Why multi-core computing is such a good idea. Somewhere around mid-2004, Intel introduced the first dual-core processors for the desktop, initially in high-end systems and gradually working their way into most computers. One main reason these multi-core systems (especially a quad-core) are going to be so much more responsive than your old single-core Dell is because there are simply more applications and background processes running on a modern computer. And they all chew up available processor power. In particular, big anti-virus suites (Norton, Symantec) are some of the worst offenders: in troubleshooting systems for friends and family, I’ve seen them consuming up to 100% of CPU cycles. But why get mad? Get even. With a properly spec’d quad-core box you’ll have plenty of capacity to run everything. Chances are, you won’t even notice it’s there. (Make sure you have enough memory! At the date of this writing – June 2010 - you should have no less than 4GB RAM.)
So which processor to get: the i7-930 or the i7-870? In a nutshell, you could probably quit obsessing over the details, buy either one and get about the business of enjoying your snappy new PC. For me, being a detail-oriented software architect who specializes in high-performance and high-throughput architectures, I wanted to understand the finer differences between the two and make an informed decision.
Quad-core Nehalem architecture
First of all, the processors’ names are more or less no help to us. You might think that the “i7-9×0” is a later, more advanced version of whatever the lesser “i7-8×0” might be. But understanding Intel’s processor nomenclature and numbering system is a reasonably sized effort in itself, and in this case, 930 is not necessarily greater than 870.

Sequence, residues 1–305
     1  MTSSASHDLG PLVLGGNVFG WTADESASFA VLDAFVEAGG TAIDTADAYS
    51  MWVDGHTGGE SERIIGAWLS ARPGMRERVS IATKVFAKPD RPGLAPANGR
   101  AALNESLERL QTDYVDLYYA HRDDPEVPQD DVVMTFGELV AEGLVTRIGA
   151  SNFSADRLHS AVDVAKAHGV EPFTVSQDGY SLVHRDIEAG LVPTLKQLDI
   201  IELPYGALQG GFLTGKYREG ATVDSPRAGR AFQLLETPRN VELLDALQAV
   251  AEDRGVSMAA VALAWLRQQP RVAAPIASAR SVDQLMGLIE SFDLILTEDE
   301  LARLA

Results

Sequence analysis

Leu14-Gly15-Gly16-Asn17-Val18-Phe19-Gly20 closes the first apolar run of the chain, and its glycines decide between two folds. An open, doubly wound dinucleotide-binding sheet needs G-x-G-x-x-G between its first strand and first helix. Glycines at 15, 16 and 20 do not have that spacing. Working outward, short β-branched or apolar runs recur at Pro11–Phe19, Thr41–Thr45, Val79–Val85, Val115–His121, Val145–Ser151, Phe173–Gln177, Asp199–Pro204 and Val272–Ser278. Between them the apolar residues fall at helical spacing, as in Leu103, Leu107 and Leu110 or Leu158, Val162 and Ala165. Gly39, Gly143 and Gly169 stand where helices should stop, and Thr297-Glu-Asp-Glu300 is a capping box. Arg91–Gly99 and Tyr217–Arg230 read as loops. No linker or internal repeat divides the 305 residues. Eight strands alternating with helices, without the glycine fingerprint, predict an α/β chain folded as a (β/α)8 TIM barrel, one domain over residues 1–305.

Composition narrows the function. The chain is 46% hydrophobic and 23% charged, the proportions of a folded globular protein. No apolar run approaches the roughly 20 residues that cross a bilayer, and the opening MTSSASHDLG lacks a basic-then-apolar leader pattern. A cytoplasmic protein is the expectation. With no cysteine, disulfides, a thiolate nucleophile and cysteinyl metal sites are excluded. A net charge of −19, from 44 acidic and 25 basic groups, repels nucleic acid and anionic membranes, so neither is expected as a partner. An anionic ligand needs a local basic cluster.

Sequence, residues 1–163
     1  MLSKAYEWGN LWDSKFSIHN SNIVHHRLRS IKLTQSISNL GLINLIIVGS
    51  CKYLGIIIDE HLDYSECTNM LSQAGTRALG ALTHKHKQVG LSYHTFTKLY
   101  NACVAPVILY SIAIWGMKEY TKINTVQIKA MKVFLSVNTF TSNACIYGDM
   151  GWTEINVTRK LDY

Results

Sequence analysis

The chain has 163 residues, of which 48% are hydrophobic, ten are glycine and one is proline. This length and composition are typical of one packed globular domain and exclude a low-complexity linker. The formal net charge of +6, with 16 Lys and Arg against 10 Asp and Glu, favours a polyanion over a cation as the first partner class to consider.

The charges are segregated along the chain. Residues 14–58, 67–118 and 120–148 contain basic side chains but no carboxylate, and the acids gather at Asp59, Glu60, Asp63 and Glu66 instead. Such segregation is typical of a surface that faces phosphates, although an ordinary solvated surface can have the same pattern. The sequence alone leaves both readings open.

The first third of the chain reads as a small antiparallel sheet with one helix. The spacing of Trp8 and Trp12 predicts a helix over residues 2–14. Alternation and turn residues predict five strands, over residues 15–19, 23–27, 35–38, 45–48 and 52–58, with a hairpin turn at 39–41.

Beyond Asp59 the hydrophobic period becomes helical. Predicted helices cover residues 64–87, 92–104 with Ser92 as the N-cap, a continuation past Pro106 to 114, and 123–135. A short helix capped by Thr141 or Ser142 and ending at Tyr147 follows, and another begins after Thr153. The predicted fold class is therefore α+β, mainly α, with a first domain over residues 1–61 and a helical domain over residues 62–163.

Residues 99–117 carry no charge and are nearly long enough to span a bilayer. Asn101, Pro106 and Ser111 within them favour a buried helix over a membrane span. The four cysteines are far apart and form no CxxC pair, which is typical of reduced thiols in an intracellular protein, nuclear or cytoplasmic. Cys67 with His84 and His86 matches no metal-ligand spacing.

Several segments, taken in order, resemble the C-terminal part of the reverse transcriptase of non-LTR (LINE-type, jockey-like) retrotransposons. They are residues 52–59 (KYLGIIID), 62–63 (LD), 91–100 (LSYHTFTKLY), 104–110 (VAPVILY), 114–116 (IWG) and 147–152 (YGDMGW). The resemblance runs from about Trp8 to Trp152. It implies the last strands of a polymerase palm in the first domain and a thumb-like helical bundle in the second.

The prime differences, with the winner in each category, would seem to be:
- Clock speed (i7-870). The i7-930 runs at 2.8 GHz vs. the i7-870 at 2.93 GHz, giving the i7-860 about a 5% advantage in raw clock speed, plus a more aggressive turbo mode which pushes the i7-870 to a max of 3.6 GHz vs. the 930’s max of 3.06 GHz – almost a 20% increase.
- Power consumption (i7-870). The i7-930 has a TDP of 130W, which is about 50% higher than the i7-870 at 95W. In AnandTech’s benchmark reference systems, the i7-860 system at idle uses 85W and the i7-920 system uses 115W; see the AnandTech i7-860 review, power consumption page. At about $1 per watt-year over a computer lifetime of 5 years, 30W could cost you up to $150 more.
- Motherboards (i7-870). Motherboards for the i7-8×0 Lynnfield processor family (socket LGA 1156) are less expensive and more prevalent than for the i7-9×0 Bloomfields (socket LGA 1366).